Tuesday, February 24, 2015

Tuesday Tip: Overused Words

Tuesday Tip
When writing, you can do yourself, and your editor, a favor by eliminating some overused words. There are some that are universally overused, and these should be replaced with fresher ideas. Here are some to avoid when possible:

wonderful                                               amazing
it                                                             literally
really                                                      very
exactly                                                    actually
stuff                                                       things
whatever                                                 seriously
bad                                                         fine
suddenly                                                 probably
good                                                       happy

Every writer has key words that they fall back on at times. Look back over your writing and see if you can identify other words to add to this list. In the long run, your readers will thank you. And so will your editor.

Thursday, February 12, 2015

February Featured Book #2

Before sharing my review, here's a bit of information from Lisa.

A Word from Lisa...

     In MANHUNT, Eric has been transferred to a team of US Marshals who catch wanted fugitives, which is a far cry from his ‘calling’ as a WITSEC handler. He’s unhappy, and questioning if this can be God’s will for him. Hailey is his partner on the Marshals’ team, a single mom determined to keep her work and home lives separate. It was so much fun to throw all kinds of crazy situations—a devastating flood, an escaped fugitive and an unsolved theft from years ago—at Eric and Hailey, just to keep them guessing about how they were going to get out of it!
     My next LIS book EASY PREY features Jonah Rivers, Eric and Hailey’s team leader. Easy Prey is coming fall 2015!
My Review...

MANHUNT by Lisa Phillips: After a felon they are transporting escapes, US Marshals Eric Hanning and Hailey Shelder are on high alert. The duo has butted heads in the past, but this time they must work together. Eric has recently been transferred out of WITSEC, and he is not impressed to be sent to a small town in Oregon to apprehend a fugitive. As a single mother, Hailey has no time for romance. When her 12 year old daughter is almost kidnapped, Eric and Hailey find their bond strengthening. It is likely that the escaped felon is linked to stolen jewels, and that Hailey’s ex-husband is somehow involved. It appears that someone believes Hailey is involved, too. When the felon vows to seek revenge, many people will be placed in danger, including her daughter. Can they trust the members of their own team to help keep them safe?  An escaped fugitive, a flood, dirty cops, an ex-husband, and an unsolved theft combine to create intense action that begins early on in this page turner. Hailey is a strong, determined character. Eric will be familiar for readers of other books in the series. The romance and faith elements do not overwhelm. There is a good buildup of suspense, vivid imagery, and lots of close calls to engage the reader.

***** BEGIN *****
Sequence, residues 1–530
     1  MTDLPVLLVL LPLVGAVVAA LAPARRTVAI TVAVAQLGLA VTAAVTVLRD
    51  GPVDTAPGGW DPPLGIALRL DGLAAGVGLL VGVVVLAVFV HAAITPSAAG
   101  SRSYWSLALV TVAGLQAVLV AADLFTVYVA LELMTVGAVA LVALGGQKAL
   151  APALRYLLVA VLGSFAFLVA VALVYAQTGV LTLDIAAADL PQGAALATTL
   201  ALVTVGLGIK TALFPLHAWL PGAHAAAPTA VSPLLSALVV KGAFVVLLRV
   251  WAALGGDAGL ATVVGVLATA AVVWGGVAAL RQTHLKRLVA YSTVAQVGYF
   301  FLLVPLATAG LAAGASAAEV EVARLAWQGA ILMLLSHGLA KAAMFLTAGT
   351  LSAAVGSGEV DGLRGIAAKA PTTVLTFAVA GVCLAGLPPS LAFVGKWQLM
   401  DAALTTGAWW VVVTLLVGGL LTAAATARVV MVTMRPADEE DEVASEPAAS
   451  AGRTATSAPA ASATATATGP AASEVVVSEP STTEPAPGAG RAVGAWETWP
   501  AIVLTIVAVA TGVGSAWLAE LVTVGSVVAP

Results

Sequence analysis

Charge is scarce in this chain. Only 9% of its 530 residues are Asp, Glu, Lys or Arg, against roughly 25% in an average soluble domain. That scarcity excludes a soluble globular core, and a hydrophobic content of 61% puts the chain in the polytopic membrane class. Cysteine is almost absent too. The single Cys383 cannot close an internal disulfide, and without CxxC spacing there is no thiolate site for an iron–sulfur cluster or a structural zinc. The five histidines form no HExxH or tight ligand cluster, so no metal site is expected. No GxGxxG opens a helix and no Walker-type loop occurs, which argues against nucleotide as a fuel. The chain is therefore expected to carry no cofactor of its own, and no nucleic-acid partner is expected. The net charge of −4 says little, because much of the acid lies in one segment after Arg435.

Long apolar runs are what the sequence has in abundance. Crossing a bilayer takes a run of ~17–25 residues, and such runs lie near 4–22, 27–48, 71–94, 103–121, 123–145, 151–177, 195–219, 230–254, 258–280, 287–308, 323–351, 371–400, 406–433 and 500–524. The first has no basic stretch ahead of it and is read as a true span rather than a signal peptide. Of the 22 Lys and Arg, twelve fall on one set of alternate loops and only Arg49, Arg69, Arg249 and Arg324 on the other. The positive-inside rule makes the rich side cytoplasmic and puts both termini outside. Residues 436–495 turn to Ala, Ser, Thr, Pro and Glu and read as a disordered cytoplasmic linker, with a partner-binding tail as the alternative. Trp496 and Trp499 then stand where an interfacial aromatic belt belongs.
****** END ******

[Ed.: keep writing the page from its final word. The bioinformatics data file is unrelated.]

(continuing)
To Connect with Lisa...

You can find me at www.authorlisaphillips.com where you can sign up for my mailing list, and find out what’s Coming Next.

You can also find me on Instagram and Twitter @lisaphillipsbks and on Facebook at https://www.facebook.com/LisaPhillipsNataliaGortova

Tuesday, February 10, 2015

Tuesday Tip: Inspiration

Tuesday Tip

Inspiration can hit when you least expect it, so be sure to carry a notepad (or have a note-taking app on your cell phone). Inspiration could strike while standing in line or sitting in a doctor's office. These are perfect opportunities for you to take note of your environment. However, if you are looking for more ideas on how to find inspiration for your next story, here are a few suggestions:
  1. Read: Try branching out from what you typically read. It may inspire you to try something new in your own writing.
  2. Conversation: Sometimes you just can't help overhear conversations. You may find an interesting snippet that could be the basis for your next story.
  3. Movies:  There are numerous songs and stories based off of a line or scene from a movie.